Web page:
Hey, Scripting Guy! Question

Hey, Scripting Guy! How can I delete a folder that has an apostrophe in the name?

-- JH

SpacerHey, Scripting Guy! AnswerScript Center

Hey, JH. Ah, yes, the apostrophe: every script writer’s arch-nemesis. The apostrophe seems like such a simple little character, but don’t let its appearance fool you: the apostrophe (or the single quote) is probably the most deadly character to be found on the keyboard. Whether you’re working with Active Directory, a database, or the file system, a single apostrophe can wreak total havoc on your scripts. As Bart Simpson once said of Hershey®’s Milk Duds, the apostrophe is “sweet on the outside, but poison on the inside.”

Note. No, Milk Duds don’t really have poison on the inside.

The problem with the apostrophe is that it’s a “reserved” character, a character that VBScript uses for its own purposes. For example, suppose you want to delete the folder C:\Scripts. Here’s a script that will do just that:

strComputer = "."
Set objWMIService = GetObject("winmgmts:\\" & strComputer & "\root\cimv2")

Set colFolders = objWMIService. _
    ExecQuery("Select * From Win32_Directory Where Name = 'C:\\Scripts'")

For Each objFolder in colFolders
    errResults = objFolder.Delete
Next

If you look closely at the Where clause, you’ll see that the apostrophe (or the single quote) is used to delineate a string value: ‘C:\\Scripts’. That’s why we run into problems with a folder that has an apostrophe in its name (say, Ken’s Scripts). What do you suppose happens when we try running a script like this one:

strComputer = "."
Set objWMIService = GetObject("winmgmts:\\" & strComputer & "\root\cimv2")

Set colFolders = objWMIService. _
    ExecQuery("Select * From Win32_Directory Where Name = 'C:\\Ken's Scripts'")

For Each objFolder in colFolders
    errResults = objFolder.Delete
Next

We won’t keep you in suspense: the script will flat-out fail. Why? Well, look at the Where clause:

Where Name = 'c:\\Ken's Scripts'

Because the apostrophe marks the beginning and ending of a string in a Where clause, VBScript thinks the name of the folder is this: ‘C:\\Ken’. That would be fine, except then we have a bunch of other characters (s Scripts’) following the end of the string. VBScript has no idea what that gibberish is supposed to mean, and so it simply gives up without even trying.

Yes, we know. But that’s just the way VBScript works. Because the apostrophe is a reserved character used to (among other things) mark the beginning and end of strings in a Where clause, VBScript simply has no idea what we’re talking about.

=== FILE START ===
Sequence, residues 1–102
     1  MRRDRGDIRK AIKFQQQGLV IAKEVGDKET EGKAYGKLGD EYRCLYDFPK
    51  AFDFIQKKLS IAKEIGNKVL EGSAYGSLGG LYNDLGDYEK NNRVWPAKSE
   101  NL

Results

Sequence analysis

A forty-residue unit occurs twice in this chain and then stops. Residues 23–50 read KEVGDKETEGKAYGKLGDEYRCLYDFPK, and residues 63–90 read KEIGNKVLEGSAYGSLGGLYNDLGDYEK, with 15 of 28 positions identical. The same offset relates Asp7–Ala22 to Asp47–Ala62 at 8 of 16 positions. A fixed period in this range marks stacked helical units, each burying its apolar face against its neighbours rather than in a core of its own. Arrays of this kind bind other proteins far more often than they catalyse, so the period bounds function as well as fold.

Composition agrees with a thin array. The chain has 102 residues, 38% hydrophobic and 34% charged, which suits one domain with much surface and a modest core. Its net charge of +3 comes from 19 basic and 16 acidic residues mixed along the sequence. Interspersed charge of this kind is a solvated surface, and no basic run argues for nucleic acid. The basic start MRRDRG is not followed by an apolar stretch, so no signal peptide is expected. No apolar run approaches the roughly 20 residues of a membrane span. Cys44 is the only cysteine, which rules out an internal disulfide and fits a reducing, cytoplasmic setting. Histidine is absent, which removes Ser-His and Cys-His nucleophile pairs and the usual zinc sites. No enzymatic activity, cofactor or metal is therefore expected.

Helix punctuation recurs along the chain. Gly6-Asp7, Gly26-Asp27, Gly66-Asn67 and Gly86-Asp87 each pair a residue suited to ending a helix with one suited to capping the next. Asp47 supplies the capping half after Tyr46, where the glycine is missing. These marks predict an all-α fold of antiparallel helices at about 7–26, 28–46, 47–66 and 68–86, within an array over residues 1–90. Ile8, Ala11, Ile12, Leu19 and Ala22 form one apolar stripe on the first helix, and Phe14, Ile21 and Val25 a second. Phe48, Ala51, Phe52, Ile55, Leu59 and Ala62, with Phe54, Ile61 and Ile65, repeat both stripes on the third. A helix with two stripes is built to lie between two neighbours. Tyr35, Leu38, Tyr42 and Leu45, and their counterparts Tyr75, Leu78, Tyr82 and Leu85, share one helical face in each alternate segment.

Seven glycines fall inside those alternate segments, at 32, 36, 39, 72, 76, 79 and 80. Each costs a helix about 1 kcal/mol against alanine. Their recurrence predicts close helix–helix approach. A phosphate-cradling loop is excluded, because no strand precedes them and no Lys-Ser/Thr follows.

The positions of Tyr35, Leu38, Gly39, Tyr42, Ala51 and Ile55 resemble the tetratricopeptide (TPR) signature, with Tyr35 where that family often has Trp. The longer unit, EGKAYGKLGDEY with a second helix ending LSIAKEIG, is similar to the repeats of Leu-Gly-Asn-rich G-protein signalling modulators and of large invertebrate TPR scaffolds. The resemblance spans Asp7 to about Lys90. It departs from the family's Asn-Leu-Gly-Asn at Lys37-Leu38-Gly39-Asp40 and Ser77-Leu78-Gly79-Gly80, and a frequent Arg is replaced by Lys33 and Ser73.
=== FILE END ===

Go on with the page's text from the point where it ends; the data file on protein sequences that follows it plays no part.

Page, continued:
And no, no jokes about how that’s like most of the people who’ve had the misfortune of talking to the Scripting Guys. That one’s too easy!

So is there a way to work around this problem? You bet there is. As you probably know, any time we use a backslash (\) in a Where clause (like in a file path) we need to “escape” that backslash by putting another \ in front of it; that’s why we have a file path like C:\\Scripts instead of C:\Scripts. We have to do that because the \ is another reserved character; the only way to tell VBScript to use the \ as-is is by escaping it (which just means prefacing it with another \).

Hey, wait a minute: if you can use a reserved character like the \ simply by prefacing it with another \, maybe you could use a reserved character like the single quote by prefacing it with a \.

You know, that’s just crazy enough to work:

strComputer = "."
Set objWMIService = GetObject("winmgmts:\\" & strComputer & "\root\cimv2")

Set colFolders = objWMIService. _
    ExecQuery("Select * from Win32_Directory Where Name = 'C:\\Ken\'s Scripts'")

For Each objFolder in colFolders
    errResults = objFolder.Delete
Next

And there’s your answer right there, JH. Notice how we put a \ right before our apostrophe; that gives us a construction that looks like this: ‘C:\\Ken\’s Scripts’. Put a \ before any apostrophes in the folder name and the script will work just fine. Granted, it looks a little odd, but it does the trick.

Just like a Milk Dud.